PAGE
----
Comparison of Italian and Spanish
The Italian personal pronouns are summarized in the following table:
|1st pn sg.||io||mi||mi||me||mi
|2nd pn sg.||tu||ti||ti||te||ti
|3rd pn sg.||lui/lei||lo/la||gli/le||lui/lei||si
|1st pn pl.||noi||ci||ci||noi||ci
|2nd pn pl.||voi||vi||vi||voi||vi
|3rd pn pl.||loro||li/le||gli||loro||si
Here, stressed means following a preposition. Sometimes, stressed pronouns
are called disjunctive.
Now compare this with the corresponding table for Spanish:
|1st pn sg.||yo||me||me||mí||me
|2nd pn sg.||tú||te||te||ti||te
|3rd pn sg.||él/ella||lo/la||le||él/ella||se
|1st pn pl.||nosotros||nos||nos||nosotros||nos
|2nd pn pl.||vosotros||os||os||vosotros||os
|3rd pn pl.||ellos/ellas||los/las||les||ellos/ellas||se
Note the switch of 'i' and 'e' in the first and second person singular forms,
and also in the third person reflexive forms. This can lead to confusion and
needs to be memorized. (Compare mi piace, ti dico and
si lavano with me gusta, te digo and se lavan,
Here are some remarks about usage:
- In Italian, one uses 'Lei' followed by the third person singular form to
address somebody in formal speech, as in Di dov'è Lei?. One can
also use 'Loro' to address more than one person, as in Di dove sono Loro?,
but this is now regarded as very formal and old-fashioned. In Spanish formal
speech, one uses 'usted' followed by the third person singular form when
addressing one person, as in ¿De donde es usted?, and 'ustedes'
followed by the third person plural form when addresses more than one person, as
in ¿De donde son ustedes?.
- In both languages, subject pronouns are optional. That is, in Italian one
can say either Hai mangiato tutto or Tu hai mangiato tutto, and in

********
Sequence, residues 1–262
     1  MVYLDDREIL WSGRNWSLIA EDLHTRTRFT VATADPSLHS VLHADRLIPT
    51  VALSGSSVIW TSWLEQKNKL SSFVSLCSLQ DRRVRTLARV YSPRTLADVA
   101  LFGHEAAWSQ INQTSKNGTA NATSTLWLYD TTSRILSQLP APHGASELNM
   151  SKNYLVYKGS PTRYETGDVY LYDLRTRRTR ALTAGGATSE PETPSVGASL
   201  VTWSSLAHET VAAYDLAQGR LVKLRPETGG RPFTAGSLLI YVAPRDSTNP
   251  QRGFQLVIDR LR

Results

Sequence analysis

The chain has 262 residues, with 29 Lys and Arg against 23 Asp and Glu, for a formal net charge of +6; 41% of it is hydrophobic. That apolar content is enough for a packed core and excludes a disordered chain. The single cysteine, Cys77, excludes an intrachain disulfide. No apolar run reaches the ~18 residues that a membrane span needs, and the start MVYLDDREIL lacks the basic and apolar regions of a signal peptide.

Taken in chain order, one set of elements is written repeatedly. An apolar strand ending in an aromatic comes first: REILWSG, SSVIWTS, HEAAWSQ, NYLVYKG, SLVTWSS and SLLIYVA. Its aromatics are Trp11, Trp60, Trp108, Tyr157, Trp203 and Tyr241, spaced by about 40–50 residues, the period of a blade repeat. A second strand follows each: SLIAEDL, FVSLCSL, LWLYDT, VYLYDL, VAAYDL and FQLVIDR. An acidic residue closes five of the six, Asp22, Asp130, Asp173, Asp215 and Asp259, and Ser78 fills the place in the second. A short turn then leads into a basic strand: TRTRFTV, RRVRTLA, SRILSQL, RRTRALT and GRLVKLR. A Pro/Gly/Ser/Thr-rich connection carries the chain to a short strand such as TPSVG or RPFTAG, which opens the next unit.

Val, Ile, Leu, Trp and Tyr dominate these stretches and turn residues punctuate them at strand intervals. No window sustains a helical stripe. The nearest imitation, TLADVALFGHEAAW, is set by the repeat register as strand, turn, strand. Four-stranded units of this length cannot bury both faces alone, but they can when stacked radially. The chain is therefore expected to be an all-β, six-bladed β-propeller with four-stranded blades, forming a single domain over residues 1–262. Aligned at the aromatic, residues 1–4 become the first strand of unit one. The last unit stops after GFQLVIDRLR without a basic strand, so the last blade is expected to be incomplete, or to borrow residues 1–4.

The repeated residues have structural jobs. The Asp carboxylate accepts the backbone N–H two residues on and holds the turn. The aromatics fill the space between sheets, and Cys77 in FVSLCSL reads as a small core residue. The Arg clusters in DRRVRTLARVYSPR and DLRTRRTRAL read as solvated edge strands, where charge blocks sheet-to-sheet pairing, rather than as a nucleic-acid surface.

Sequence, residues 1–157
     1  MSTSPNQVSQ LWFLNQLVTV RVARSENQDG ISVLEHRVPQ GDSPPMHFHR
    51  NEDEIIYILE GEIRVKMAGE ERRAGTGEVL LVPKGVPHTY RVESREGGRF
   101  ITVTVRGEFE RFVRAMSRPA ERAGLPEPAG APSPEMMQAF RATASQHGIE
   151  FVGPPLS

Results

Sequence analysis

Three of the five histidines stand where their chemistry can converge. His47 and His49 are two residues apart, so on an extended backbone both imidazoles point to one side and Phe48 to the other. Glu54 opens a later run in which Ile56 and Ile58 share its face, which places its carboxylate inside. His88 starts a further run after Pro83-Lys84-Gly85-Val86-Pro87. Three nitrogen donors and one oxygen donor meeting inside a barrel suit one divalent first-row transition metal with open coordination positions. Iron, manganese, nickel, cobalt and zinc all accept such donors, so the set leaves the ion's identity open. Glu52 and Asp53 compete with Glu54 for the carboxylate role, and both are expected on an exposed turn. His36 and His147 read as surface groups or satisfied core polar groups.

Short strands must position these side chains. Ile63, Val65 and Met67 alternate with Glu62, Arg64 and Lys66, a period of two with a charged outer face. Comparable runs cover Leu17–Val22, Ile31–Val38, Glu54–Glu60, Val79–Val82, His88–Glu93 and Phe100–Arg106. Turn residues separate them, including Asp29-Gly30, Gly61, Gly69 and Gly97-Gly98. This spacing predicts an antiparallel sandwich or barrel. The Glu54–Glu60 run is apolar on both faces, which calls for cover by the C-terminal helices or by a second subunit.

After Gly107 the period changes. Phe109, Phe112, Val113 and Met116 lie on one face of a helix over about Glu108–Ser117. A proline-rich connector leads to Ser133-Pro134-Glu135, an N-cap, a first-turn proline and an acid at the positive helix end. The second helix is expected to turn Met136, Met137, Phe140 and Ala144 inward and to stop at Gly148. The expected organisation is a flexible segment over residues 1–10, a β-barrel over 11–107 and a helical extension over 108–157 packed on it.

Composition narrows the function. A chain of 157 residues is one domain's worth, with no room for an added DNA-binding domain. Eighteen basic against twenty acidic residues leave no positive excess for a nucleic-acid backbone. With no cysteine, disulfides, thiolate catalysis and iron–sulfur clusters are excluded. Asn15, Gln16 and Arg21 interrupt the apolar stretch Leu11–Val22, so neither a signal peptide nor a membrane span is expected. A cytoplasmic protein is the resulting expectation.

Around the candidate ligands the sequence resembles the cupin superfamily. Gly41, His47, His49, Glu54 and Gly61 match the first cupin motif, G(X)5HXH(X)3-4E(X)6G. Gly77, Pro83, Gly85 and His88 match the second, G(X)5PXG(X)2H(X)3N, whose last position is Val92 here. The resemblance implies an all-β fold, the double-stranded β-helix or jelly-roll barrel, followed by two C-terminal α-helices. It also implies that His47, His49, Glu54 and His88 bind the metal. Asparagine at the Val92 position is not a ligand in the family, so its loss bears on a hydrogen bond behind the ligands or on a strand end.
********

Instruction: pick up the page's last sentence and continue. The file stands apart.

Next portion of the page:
Spanish one can say Has comido todo or Tú has comido todo.
The pronoun is only included when necessary to avoid confusion, for emphasis,
or to make it obvious that formal speech is being used.
- In Spanish it is common to add redundant indirect object pronouns to
sentences, as in Le hablo a él and A mí me gusta.
This is regarded as substandard in Italian and is best avoided. One would simply
say Parlo a lui and A me piace, respectively.
- On the other hand, there is one situation where Italian uses a redundant
direct object pronoun. This is when a direct object is moved to the
beginning of a sentence for emphasis. Compare La carne non la mangio
with Carne no como. (This example also illustrates the fact mentioned
above, that Italian uses articles more frequently than Spanish.)
- The 'personal a', mentioned in the section on prepositions, causes problems
in Spanish. It makes it hard sometimes to tell whether a person is a direct or
indirect object. A sentence like 'I saw him' can be translated as either
Lo vi or Le vi. It varies from one region to another. For an
Italian speaker, it is easier to use lo/la/los/las here.
- Complications arise when an indirect object pronoun is immediately followed
by a direct object pronoun. In Italian, 'gli lo' and 'le lo' are contracted to
'glielo'. In Spanish, 'le lo' becomes 'se lo'. So, for example,
'I have given it to him' becomes Gliel'ho dato in Italian and
Se lo he dado in Spanish.
- Finally, I should mention the stressed version of the reflexive third person
pronouns, which are 'sé' or 'se stesso' in Italian and 'sí' or
'sí mismo' in Spanish. So, for example, 'He is talking to himself'
becomes Parla con se stesso in Italian and Habla con sí
mismo in Spanish. Note yet again the irritating switch of 'i' and 'e'.
Created October 2006 by Adam N. Letchford.